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When in Rome visit some of the more unusual attractions

The beautiful and historic city of Rome in Italy is well-known by travellers and offers some great sights to see, including the Colosseum, the Pantheon, the Roman Forum, the Trevi Fountain and St. Peter’s Basilica, among many others. 

However, if you have already seen all the regular tourist sites but are longing to visit Rome again, here are a couple of the more unusual, attractions of this famous city for an exciting, if sometimes a touch eerie, return trip to Rome.
Panoramic view of Rome, Italy
 Photo: Rome panorama CC by 2.0 Miguel Virkkunen Carvalho

Keats-Shelley Memorial House

For those in a literary frame of mind, the Keats-Shelley Memorial House is a must-visit. Located at Piaza di Spagna 26, this was the last home of John Keats, the tortured English poet. The house has been made into a museum and memorial to Keats, as well as his contemporary, poet Percy Bysshe Shelley.
Keats-Shelley Memorial House, Rome
Photo: Keats-Shelley Memorial House CC BY-ND 2.0 Christine McIntosh

Sadly Keats died of tuberculosis in the house on February 23, 1821 at the young age of 25. The room that contains his death bed has been preserved as a shrine to the writer. 

The museum contains various memorabilia from both Keats and Shelley, as the latter had a strong relationship with Rome himself. It hosts an impressive collection of 8,000 examples of Romantic literature by poets of that era, as well as a small cinema showing an introductory film. Some even say the haunted spirit of the poet himself is still in residence.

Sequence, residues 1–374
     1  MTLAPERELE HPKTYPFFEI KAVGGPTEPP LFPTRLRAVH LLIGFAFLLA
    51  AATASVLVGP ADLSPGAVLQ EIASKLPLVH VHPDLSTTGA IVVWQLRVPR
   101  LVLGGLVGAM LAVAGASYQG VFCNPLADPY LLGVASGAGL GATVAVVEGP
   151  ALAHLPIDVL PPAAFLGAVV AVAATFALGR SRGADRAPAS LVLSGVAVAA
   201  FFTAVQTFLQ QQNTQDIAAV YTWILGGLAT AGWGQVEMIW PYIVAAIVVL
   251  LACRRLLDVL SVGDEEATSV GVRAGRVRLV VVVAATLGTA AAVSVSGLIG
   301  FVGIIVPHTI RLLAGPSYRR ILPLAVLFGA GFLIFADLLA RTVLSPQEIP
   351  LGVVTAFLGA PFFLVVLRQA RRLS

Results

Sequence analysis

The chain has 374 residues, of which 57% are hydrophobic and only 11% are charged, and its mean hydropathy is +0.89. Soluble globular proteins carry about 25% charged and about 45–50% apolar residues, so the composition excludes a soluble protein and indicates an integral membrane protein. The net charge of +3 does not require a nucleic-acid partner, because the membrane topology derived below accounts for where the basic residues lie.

The Keats-Shelley Memorial House is a national historic landmark and is easy to find. As you can see in the photo above, it’s located at the base of the famous Spanish Steps.

Porta Alchemica – Alchemist’s Magic Door

Most people visiting the city don’t even notice this “magic door” in the park at Piaza Vittorio, but the locals know all about it. The “Porta Alchemica” or Alchemist’s Door, set in the remains of an old villa, is said to be a portal into a secretive world of alchemy back in the 1600s.
Porta Alchemica, Rome
  Photo: Porta Alchemica CC BY-SA 2.0 Emanuele

The door was built in the early 1600s by a Roman marquis, Massimiliano Palombara and is full of symbols and inscriptions relating to alchemy. Palombara himself was a member of the group of Alchemists of Palazzo Riario who met in the Roman court of Christina of Sweden, an ardent supporter of both alchemy and science.

Once part of a set of five gate doors set in Palombara’s villa, the “Porta Alchemica” is now the only one remaining. Palombara is said to have inscribed the recipe to turn metal into gold on the doors in the hope that someone would understand it and come knocking. Even today, the mysterious symbol above the “Porta Alchemica” (pictured below) still attracts many theories and debate.
Porta Alchemica, Rome
Photo: Inscription at the top of the Porta Alchemica CC BY-ND 2.0 Marco / Zak

There are many more eerie and fascinating attractions to see in the city of Rome. Take a few sidesteps on your next visit to Rome and enjoy the more unusual side of the city.


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